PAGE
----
Start from the beginning

First, OUTLINE. If you're not an outliner, too bad. Time to outline. :P Even if you had an outline to write your first draft, you have to make a new one. The point of this is that you're outlining the book you're about to write (because remember, you're basically going to be rewriting 80-90% of the story anyway.). Since you're not exploring and freewriting anymore (that's generally first draft stuff, and by now you know the story and the direction you want it to go, how it all fits together, and all), you'll want to make a detailed outline of each chapter as you plan to rewrite it or revise it. Be as detailed as you can becuase it'll save you a bunch of time when you actually get writing.

You're basically implementing all your revisions short-hand with an outline, and that'll help you see faults and shortcoming in the things you wanted to rewrite! It's your novel: Abridged Version, and it'll save you a lot of struggle. So it's highly advised you actually create an outline before jumping head-first into revisions. It'll keep you organized and keep your head from exploding from all the things you need to change.

But if you're still adamant against outlining, here's a tip: Because you probably have a mountain of things to change, I'd suggest picking one at a time and going through the entire novel fixing just that single element. Make a checklist and feel good when you check something off! Don't try to start back at the beginning and fix everything at the same time as you go along. You'll drive yourself up the wall and end up in a sobbing mess under your bed in fetal position.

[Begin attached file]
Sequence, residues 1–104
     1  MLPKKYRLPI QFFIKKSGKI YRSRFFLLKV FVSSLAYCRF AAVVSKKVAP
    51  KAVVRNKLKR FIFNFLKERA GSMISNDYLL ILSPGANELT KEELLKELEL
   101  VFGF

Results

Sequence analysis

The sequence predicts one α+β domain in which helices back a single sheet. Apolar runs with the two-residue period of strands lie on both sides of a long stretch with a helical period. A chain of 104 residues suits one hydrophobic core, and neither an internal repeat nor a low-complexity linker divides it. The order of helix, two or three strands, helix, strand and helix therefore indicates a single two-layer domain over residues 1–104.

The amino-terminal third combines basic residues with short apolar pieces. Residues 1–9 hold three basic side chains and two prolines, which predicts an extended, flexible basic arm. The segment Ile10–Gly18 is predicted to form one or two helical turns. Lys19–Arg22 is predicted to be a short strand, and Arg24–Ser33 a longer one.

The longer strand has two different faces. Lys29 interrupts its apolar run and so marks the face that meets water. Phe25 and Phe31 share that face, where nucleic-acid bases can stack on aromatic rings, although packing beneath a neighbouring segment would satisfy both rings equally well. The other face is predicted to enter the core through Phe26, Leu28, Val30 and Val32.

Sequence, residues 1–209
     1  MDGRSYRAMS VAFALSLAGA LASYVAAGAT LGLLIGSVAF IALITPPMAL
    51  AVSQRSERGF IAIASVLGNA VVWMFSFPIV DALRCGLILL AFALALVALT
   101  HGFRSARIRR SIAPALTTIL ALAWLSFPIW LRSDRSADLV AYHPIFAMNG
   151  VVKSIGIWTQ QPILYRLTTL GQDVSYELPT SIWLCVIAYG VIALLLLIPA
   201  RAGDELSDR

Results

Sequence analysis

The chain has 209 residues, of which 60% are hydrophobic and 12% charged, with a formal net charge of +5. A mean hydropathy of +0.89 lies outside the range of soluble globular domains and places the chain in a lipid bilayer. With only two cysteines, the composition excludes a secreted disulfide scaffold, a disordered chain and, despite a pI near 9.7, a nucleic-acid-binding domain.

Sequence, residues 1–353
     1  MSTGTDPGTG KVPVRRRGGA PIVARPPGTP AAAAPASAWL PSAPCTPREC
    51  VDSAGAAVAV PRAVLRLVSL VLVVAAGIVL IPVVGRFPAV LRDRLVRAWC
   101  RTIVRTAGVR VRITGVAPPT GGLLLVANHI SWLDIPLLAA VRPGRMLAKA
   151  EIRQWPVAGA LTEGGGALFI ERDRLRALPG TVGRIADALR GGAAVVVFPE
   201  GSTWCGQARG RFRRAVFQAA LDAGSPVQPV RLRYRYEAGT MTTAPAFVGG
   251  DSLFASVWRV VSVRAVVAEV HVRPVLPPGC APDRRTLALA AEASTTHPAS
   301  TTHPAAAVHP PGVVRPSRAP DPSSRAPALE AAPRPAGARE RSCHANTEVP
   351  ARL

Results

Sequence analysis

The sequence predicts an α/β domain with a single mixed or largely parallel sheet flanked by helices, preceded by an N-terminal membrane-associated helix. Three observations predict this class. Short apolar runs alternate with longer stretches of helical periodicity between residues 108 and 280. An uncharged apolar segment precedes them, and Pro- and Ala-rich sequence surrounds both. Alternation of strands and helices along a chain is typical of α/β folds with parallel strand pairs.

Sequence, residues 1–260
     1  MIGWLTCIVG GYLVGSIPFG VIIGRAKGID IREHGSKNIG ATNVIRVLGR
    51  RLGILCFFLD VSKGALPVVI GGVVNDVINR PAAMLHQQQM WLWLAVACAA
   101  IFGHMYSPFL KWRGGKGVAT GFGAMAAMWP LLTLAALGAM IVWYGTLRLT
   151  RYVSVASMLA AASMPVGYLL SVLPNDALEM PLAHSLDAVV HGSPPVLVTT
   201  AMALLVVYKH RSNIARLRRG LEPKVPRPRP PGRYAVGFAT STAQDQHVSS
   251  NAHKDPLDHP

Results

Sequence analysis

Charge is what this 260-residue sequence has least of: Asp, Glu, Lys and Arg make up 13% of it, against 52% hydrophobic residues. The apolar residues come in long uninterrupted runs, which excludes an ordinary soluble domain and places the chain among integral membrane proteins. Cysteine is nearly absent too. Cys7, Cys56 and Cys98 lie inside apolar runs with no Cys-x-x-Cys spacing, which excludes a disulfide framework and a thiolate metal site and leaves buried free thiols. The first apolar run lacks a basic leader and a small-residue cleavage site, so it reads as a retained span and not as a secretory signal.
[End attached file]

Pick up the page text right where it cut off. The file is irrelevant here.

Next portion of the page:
6. When you finish those edits, THROW YOURSELF ANOTHER PARTY! Draft 2 complete!!!

7. Now read through and repeat all this a second time. Keep reading it over and revising until you you've edited it to the best of your ability. Once you can't look at the words without vomiting, you. are. ready.

8. Time to send it to your critique partners! Find people you trust, not your mom or best friend (unless they're published authors or agents or editors, then they're actually the best resources so USE THEM). Find someone who'll give you insightful, critical feedback. Hang out on critiquing sites and forums. Wattpad is not the place to find critique partners. Everyone here mostly does line edits and points out typos. What you need is someone to rip apart the big-picture things for you again.

8. Compile all the critiques in one spot. I use OneNote and just paste everything in one tab. When I revise whatever they told me to, I delete it off the list.

You most definitely will get conflicting critiques! On my original opening paragraph for Guardians, half the people were like: "This immediately gripped me!" and the other half were like "nope. try again." I loved the line, so it's like, what do I doOOO!?!?! In most cases, I'd say if at least 2 people give the same criticism, you listen to them. (Unless it's blatantly wrong, like they're like: THESE TWO SHOULD'VE KISSED AND FALLEN IN LOVE AND THER HAS TO BE A LUV TRIANGLEEEE YUSS.) If everyone loves something but there's just one person who flat out hated it and didn't give an insightful and valid reason why, you don't have to take their advice. But if you think on it and realize yeah they were right, then absolutely go change it!